For nearly $90 a year, SaneBox.com claims it will tame the flood of email that comes into the inboxes of two of your email accounts and make it all manageable. You can "train" the Web-based software to send messages from the most important senders in your life straight on through, while filing others in a "later" folder for you to deal with, well, later.
It's a tempting idea: My Gmail account is under siege every day, with dozens, if not hundreds, of email messages vying for my attention. The email account I'm privileged to use at The Washington Times is not as full, but there's plenty of stuff that comes in there. All told, there's a lot of mail to wade through, and finding the gems among the mass of material can often be a challenge.
No system is perfect, but the SaneBox people insist their algorithms can ferret out most of the most important stuff by noting who you reply to as well as who's writing to you. And each category, they say, is editable: You can add someone to the "must deliver" list, or you can consign someone to the "SaneBlackHole," their term, from which emails only emerge if you want them to do so. There are "tickler" folders into which you can route messages for review one day or one week from now, another nice organizing tactic.
I signed up for a two-week SaneBox trial just before taking a week's vacation, a good time, I thought, to have an electronic "assistant" handle my virtual correspondence while tuning out from the daily grind. Sign-up was quick, although it understandably took an hour or two for SaneBox to go through the nearly 250,000 emails in my Gmail account. ("Why delete when you have [so much] storage?" Gmail asks, and I agreed.) It took less time to sort through my Times emails.
The computer-aided research done, SaneBox did what it promised, and reduced the flood of messages to a trickle. The rest were not deleted, but put in a "SaneLater" folder to which I could turn when time allowed.
The service also sends a "have you seen these messages" listing once or twice a day, listing the messages it has relegated to the "later" folder. In the course of about nine days, the "SaneLater" folder on my Gmail account held the better part of 1,900 messages; the Washington Times email "SaneLater" folder was relatively barren at only 159 messages.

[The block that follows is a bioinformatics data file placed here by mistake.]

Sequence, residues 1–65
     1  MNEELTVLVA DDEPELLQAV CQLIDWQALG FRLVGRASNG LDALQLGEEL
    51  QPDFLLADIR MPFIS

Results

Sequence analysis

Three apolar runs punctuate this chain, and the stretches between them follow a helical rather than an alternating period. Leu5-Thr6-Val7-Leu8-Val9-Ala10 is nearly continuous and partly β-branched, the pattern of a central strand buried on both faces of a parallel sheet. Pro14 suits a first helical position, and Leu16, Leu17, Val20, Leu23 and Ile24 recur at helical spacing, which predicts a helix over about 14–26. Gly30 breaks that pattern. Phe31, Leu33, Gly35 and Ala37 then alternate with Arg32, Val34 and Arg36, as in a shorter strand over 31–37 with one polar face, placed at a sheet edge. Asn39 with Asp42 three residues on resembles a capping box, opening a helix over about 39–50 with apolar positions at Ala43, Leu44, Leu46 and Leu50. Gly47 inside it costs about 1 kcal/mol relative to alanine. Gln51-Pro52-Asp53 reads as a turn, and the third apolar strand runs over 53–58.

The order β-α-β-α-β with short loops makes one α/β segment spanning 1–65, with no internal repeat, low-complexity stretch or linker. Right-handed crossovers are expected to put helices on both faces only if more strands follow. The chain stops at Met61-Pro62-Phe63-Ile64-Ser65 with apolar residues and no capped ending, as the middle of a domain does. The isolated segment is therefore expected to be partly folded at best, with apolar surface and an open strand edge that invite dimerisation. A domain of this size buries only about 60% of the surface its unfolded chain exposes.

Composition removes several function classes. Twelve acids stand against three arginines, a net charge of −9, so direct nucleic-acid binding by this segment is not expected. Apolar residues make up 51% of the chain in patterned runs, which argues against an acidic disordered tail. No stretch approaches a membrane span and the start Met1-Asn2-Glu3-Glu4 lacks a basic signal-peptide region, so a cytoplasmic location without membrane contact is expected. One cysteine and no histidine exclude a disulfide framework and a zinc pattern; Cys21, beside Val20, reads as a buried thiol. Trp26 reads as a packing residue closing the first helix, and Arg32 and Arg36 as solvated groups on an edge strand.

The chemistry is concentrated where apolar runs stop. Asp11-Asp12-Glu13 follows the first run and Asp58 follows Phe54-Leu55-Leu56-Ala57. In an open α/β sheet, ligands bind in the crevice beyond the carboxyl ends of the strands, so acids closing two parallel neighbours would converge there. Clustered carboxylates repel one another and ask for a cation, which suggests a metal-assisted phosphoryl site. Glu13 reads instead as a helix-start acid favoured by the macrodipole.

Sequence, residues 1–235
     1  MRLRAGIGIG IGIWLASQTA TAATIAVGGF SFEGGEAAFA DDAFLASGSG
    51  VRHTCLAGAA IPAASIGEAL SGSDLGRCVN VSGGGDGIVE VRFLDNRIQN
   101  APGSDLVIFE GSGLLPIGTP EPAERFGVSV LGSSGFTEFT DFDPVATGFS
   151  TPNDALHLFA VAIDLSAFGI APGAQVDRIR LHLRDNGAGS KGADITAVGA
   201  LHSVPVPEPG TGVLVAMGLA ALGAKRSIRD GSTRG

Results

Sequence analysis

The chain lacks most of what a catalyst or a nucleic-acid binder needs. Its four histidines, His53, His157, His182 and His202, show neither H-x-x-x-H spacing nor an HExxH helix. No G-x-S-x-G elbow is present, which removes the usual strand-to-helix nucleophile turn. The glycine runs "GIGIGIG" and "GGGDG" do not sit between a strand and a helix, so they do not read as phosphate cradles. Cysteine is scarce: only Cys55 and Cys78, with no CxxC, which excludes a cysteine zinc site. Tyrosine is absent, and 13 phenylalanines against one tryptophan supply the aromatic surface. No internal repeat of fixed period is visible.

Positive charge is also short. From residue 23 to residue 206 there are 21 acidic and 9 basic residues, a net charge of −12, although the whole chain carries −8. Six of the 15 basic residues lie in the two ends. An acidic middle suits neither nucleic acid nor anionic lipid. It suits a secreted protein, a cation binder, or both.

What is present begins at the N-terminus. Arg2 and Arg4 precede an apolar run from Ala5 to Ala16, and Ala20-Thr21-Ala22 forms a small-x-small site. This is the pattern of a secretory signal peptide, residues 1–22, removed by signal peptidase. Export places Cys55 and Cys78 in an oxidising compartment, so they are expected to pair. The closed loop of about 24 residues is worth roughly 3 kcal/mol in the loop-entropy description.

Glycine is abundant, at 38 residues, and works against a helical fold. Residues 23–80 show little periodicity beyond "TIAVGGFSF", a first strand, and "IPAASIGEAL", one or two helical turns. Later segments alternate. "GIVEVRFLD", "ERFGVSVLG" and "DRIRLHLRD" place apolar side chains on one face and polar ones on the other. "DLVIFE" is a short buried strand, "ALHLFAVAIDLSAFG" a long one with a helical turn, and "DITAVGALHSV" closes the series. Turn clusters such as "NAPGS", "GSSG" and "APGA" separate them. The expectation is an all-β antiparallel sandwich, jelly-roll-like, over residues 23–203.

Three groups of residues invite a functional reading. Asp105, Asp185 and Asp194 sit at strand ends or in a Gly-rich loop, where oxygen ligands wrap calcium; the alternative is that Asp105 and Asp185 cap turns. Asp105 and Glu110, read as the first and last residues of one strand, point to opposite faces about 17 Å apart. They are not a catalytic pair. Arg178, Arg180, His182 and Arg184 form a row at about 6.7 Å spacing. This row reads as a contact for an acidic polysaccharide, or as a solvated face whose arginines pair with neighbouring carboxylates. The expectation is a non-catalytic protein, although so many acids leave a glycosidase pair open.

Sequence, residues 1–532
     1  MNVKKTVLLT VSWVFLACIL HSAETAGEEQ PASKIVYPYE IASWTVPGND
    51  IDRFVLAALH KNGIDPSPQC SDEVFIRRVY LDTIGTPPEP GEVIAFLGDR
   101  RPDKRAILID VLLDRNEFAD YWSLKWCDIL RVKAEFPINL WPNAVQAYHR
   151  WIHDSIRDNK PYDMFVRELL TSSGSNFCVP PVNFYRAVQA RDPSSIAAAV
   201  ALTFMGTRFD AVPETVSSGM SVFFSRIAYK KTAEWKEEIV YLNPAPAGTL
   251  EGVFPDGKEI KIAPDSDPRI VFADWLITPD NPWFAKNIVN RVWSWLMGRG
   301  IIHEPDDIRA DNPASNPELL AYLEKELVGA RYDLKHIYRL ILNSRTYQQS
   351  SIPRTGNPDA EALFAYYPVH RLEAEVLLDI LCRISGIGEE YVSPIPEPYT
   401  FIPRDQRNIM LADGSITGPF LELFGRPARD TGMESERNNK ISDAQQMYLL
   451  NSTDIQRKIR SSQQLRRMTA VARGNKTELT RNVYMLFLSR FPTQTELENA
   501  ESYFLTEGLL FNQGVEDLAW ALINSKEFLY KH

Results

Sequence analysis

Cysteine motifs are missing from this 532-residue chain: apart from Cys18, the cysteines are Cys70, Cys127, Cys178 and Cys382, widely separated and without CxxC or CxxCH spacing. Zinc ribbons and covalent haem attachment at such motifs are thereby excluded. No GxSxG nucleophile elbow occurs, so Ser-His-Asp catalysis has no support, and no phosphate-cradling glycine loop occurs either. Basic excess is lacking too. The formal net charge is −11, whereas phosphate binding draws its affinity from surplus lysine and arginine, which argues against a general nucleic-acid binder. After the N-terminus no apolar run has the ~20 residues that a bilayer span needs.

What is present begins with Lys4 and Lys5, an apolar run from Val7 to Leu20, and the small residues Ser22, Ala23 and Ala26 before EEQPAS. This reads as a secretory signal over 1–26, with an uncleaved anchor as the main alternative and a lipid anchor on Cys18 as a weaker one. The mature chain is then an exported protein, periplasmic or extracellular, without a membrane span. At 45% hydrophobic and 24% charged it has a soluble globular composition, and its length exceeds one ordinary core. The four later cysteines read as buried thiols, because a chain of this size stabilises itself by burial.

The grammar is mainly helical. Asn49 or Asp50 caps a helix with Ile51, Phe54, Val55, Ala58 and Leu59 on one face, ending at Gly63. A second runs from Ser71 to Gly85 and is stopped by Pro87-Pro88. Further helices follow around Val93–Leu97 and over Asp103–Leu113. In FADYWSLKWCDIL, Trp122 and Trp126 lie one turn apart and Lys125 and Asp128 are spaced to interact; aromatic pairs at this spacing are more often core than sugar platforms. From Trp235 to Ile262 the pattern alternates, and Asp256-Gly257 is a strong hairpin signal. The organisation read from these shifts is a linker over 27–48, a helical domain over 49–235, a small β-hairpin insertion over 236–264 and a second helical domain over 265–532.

The great plus of something such as SaneBox, from what I can see, is that its algorithms are rather sophisticated. Almost nothing appeared to elude its filing system; only a couple of emails that could have, in my view, been filed for "later" landed in the regular inbox. The result was that I had much less "urgent" email to wade through.
I was also impressed with the way SaneBox handled email attachments in my Gmail account, creating a separate folder for these. This segregation was a plus in keeping my main inbox clutter free. Nicely played, SaneBox, nicely played.
What didn't I like? Well, the SaneLater option is perhaps a bit too comfortable. I'm not seeing some of the regular items I'd see as quickly as I'd like. Yes, I can alter the rules by "training" the program, but in one sense it seems as if I'm merely shifting the "when" of going through my email instead of just the how. Yes, SaneBox offers an initial "pruning," but I wish it could do more out of the box.
If I were constantly, or regularly, traveling, then having a lot of stuff, offline, in a "SaneLater" folder might be more useful, giving me something to do while in-flight. But as an adjunct to a busy day, I'm less sure. Do I really want to add another to-do item to my list?
Having said all that, I'm still tempted to fork over the money and keep working with SaneBox. Those who are less inclined might want to check out the work of Michael Linenberger (michaellinenberger.com), who's written extensively about using Microsoft Outlook to manage one's workday, or Randall Dean, whose "Taming the Email Beast" was covered here about three years ago.
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Mark A. Kellner is a religion columnist for The Washington Times. He can be reached at firstname.lastname@example.org.
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